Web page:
Going back to September, it’s time to finally revisit my wonderful visit to Seville. Upon leaving Faro with my Croatian friend, we arrived in the sunny capital of Andalusia. It was instantly clear that we were in the south of Spain. During those three days in Seville, we fell in love with the city’s remarkable architecture, eternal sunshine, and amazing food.

plaza de espana seville

The very first thing we noticed about Seville was all the gorgeous balconies. Seriously though, I had never before seen that many dreamy balconies at once. Even the simple iron ones made for a wonderful sight. Despite the summer temperatures, I eagerly set out on foot to discover this intriguing city. While so many buildings caught my eye, I also wished I had a zoom lens with me because the details in Seville are astounding!

Following that scorching hot stroll through the city, we dined out and finished off the day with cocktails on one of the many hotel terraces. It was mid-September but in my head, it was mid-July as we admired the Giralda tower and the shimmering moon. It felt like one of those perfect summer evenings under the stars.

Art Nouveau in Seville

My obsession with Art Nouveau is quite obvious by now so I was excited about seeing Seville’s variation on it. Despite those high expectations, it still caught me off guard. I wasn’t ready for such a romantic and sensual variant of my favorite architectural style.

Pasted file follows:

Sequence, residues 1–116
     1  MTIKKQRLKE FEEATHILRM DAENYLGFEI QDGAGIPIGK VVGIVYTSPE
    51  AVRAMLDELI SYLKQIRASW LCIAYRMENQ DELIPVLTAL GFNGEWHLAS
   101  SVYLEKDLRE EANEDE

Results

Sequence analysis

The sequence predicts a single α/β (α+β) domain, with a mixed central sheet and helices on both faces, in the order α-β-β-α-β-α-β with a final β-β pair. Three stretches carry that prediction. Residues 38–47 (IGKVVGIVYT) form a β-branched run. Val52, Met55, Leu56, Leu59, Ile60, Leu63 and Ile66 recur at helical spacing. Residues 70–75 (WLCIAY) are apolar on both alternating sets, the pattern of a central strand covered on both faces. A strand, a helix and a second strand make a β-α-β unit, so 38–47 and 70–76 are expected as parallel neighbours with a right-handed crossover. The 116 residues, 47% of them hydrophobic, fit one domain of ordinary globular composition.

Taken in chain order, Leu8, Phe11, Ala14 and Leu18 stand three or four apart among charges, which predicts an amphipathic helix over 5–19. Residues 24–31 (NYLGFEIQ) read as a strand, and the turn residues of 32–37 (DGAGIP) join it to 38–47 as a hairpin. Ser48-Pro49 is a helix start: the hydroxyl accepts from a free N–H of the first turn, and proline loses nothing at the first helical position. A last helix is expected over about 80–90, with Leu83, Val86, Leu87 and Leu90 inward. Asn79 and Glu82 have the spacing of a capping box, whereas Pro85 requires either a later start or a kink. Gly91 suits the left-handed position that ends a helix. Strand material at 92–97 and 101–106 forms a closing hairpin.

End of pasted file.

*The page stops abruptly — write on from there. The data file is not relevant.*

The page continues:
Compared to Art Nouveau in Belgium and France which I have seen multiple times, the same style in Spain feels even more free and loose in its lines and elements. I absolutely adored it and photographed certain buildings to no end. It also left me wanting to discover more Spanish cities with lots of Art Nouveau. I guess that means I’m bound for Barcelona sometime in the future!

Naturally, we couldn’t visit the capital of Andalusia and not witness a performance of flamenco. We chose Casa de la Memoria and were treated to a spectacular show. One hour of flamenco dancing that featured live singing, guitar playing, and a few different artists performing this expressive dance. It’s an intimate show, with a small audience and it’s an unforgettable experience in Seville.

Royal Alcazar of Seville

It isn’t a visit to Seville without seeing the marvelous Royal Alcazar. Technically speaking, this royal palace was built for a Christian king in the 14th century. However, there was already an Islamic castle on the site so overall, it’s an intriguing palace complex. In fact, you might feel overwhelmed if it’s your first time at the Alcazar of Seville. We didn’t know where to start and what to see first because everything was too beautiful for words!

royal alcazar palace in seville

An example of the Mudéjar style, it combines elements of Gothic and Renaissance with decorative Islamic motifs. In essence, after periods of Muslim rule, Christianity had returned to the Iberian peninsula and this started to reflect on the architecture, among other things. Personally, I find this blend of style beyond gorgeous and so inspiring. So you know that I took way too many photos of the Seville Alcazar.

As breathtaking as it is, it’s also crowded so bear that in mind. Our visit happened in the early afternoon so it was manageable, with a bit of patience. I gather crowds are less of a problem at opening time and right before closing time. Either way, it’s a breathtaking place and one of Seville’s highlights!